Current issue: Volume 25 Issue 2

On Dark Ecologies

Issue editors: Angenette Spalink & Jonah Winn-Lenetsky

ISSN: 1352-8165 (2020) 25:2

Timothy Morton describes dark ecology as ‘ecological awareness, dark-depressing. Yet ecological awareness is also dark-uncanny. And strangely it is dark-sweet.’ The concept of dark ecology represents a crucial intervention in the current moment of political conservatism and climate change denial and enables a focused exploration of a wide range of issues relating to performance and ecology. Human activity on the planet is responsible for a number of ecological and political dilemmas, including (but not limited to) global climate change, pollution, leaking pipelines, fragmentation of ecosystems, diminishing natural resources and nuclear meltdowns. While some may harbour hope and positivity about the future, it is easy to feel overwhelmingly hopeless about these large-scale, complex problems. Morton refers to the awareness of these substantial ecological dilemmas as ‘ecognosis’, which he describes as ‘a riddle… It is something like coexisting. It is like being accustomed to something strange.’ It is this tension between hope and despair, the coexistence between ‘depressing’ and ‘sweet’ — this space of ‘dark ecologies’ in our current political and ecological climate — that we explore in this special issue. The essays in this issue consider dark ecology in relation to performance and explore the ways that performance can intervene in or engage with a plurality of dark ecologies.

Introduction

Angenette Spalink, Jonah Winn-Lenetsky

pp. 1 - 5

My Sweet Disposability, Oh, Bury the Living and Unearth the Dead : A postcard from nowhere

Malin Palani

pp. 6 - 13

Plastiglomerates, Microplastics, Nanoplastics : Toward a dark ecology of plastic performativity

Katie Schaag

pp. 14 - 21

Choreographic Architecture and Vital Knowledge : Gaëtan Rusquet’s Meanwhile

Kate Mattingly

pp. 22 - 29

Estado Vegetal, a Gesture of Imitation : An Interview with Manuela Infante

Laurel V. McLaughlin

pp. 30 - 37

‘A Twisted, Looping Form’ : Staging dark ecologies in Ella Hickson’s Oil

Patrick Lonergan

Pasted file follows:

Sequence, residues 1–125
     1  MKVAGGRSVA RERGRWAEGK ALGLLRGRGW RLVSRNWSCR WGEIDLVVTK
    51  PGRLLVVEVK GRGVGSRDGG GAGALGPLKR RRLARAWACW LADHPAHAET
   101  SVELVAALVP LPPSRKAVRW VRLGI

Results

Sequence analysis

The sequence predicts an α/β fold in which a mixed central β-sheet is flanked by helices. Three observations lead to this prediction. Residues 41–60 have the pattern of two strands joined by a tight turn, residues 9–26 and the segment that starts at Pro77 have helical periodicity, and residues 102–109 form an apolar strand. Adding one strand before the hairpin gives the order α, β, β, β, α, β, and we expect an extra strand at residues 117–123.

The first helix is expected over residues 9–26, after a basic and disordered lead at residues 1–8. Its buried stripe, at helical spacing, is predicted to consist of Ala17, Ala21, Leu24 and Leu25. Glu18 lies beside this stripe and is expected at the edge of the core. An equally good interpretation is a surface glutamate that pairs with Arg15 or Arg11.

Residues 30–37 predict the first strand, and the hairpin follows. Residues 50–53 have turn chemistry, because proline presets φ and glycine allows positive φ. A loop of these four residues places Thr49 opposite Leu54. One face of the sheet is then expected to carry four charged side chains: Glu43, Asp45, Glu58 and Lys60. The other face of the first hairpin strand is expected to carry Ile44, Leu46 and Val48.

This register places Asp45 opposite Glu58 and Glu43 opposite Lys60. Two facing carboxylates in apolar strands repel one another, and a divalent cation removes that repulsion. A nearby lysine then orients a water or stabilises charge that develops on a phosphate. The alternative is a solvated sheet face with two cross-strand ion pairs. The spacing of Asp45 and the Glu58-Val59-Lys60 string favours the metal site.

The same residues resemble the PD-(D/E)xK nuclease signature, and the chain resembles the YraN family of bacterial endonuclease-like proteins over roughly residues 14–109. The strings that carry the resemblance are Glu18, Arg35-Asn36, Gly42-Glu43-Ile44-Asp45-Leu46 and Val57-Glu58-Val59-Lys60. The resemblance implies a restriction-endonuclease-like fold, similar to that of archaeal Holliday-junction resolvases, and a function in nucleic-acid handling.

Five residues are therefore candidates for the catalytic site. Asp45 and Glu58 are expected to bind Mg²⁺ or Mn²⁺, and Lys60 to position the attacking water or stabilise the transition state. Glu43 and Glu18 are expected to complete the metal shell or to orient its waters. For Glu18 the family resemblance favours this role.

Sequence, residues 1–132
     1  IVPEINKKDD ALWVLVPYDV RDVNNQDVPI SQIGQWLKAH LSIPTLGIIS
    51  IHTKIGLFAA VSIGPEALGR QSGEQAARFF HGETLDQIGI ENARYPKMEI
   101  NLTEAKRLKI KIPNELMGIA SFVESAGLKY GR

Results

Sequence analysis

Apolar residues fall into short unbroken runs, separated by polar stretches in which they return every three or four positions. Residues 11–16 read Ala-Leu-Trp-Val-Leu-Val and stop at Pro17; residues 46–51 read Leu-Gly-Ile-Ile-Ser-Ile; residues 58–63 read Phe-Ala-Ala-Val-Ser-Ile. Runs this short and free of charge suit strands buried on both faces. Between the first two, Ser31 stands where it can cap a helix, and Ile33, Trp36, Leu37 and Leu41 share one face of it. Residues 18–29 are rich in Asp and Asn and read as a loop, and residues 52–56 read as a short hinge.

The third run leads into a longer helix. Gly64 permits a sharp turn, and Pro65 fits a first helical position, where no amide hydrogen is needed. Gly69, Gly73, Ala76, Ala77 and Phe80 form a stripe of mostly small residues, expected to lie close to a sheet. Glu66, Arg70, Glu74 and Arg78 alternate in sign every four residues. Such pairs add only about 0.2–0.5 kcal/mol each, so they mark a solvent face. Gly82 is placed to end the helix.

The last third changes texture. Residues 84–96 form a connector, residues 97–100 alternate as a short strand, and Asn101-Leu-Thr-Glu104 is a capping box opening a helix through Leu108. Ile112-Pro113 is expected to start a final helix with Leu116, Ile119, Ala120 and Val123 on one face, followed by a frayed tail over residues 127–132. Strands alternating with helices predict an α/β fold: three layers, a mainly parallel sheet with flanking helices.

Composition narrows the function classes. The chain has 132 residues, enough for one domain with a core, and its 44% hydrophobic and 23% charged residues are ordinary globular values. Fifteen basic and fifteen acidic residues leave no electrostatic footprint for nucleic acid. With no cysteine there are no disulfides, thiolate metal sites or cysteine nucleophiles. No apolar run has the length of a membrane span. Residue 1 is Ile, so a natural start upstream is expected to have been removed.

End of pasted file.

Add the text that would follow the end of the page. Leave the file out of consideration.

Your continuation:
pp. 38 - 44

Black-Light Ecologies : Punctuate! Theatre’s Bears wipes off the oil

Gabriel Levine

pp. 45 - 52

Choreographies of Mourning : Commemorating multi-species loss in boundaries/conditions performance assembly’s Operations (1945–2006): Movements

Hannah Kaya

pp. 53 - 60

Embodying Climate Change : Self-immolation and the hope of no escape

Clara Margaret Wilch

pp. 61 - 68

Hau : Living archive of breath

Carol Brown, Tia Reihana-Morunga

pp. 69 - 78

‘Global Weirding’ : Australian absurdist cli-fi plays

Stephen Carleton, Chris Hay

pp. 79 - 86

‘Dark Choreography’ of the Johannesburg Holocaust and Genocide Centre

Robyn Sassen

pp. 87 - 94

Remembrance Day for Lost Species : Toward an ethics of witnessing extinction

Shelby Brewster

pp. 95 - 101

No Away : Phantom Limb Company’s Falling Out

Brenda Bowen, Liz Ivkovich

pp. 102 - 110

We All Live Downwind [artist’s pages]

Shanna Merola

pp. 111 - 114

Embodied Narratives of Candomblé’s Afro-Bahian Caboclos : Dark ecologies and critical kinetics

Mika Lillit Lior

pp. 115 - 125

Towards Radical Coexistence in the City : Performing the bio-urban in Bonnie Ora Sherk’s The Farm and Mierle Laderman Ukeles’s Flow City

Lisa Woynarski

pp. 126 - 133

Reterritorializing India : The politics of dark ecologies in Deepan Sivaraman’s Peer Gynt

Prateek

pp. 134 - 140

Unsettling Existence : Land acknowledgement in contemporary Indigenous performance

Chris Bell

pp. 141 - 148

Notes on Contributors

pp. 149 - 150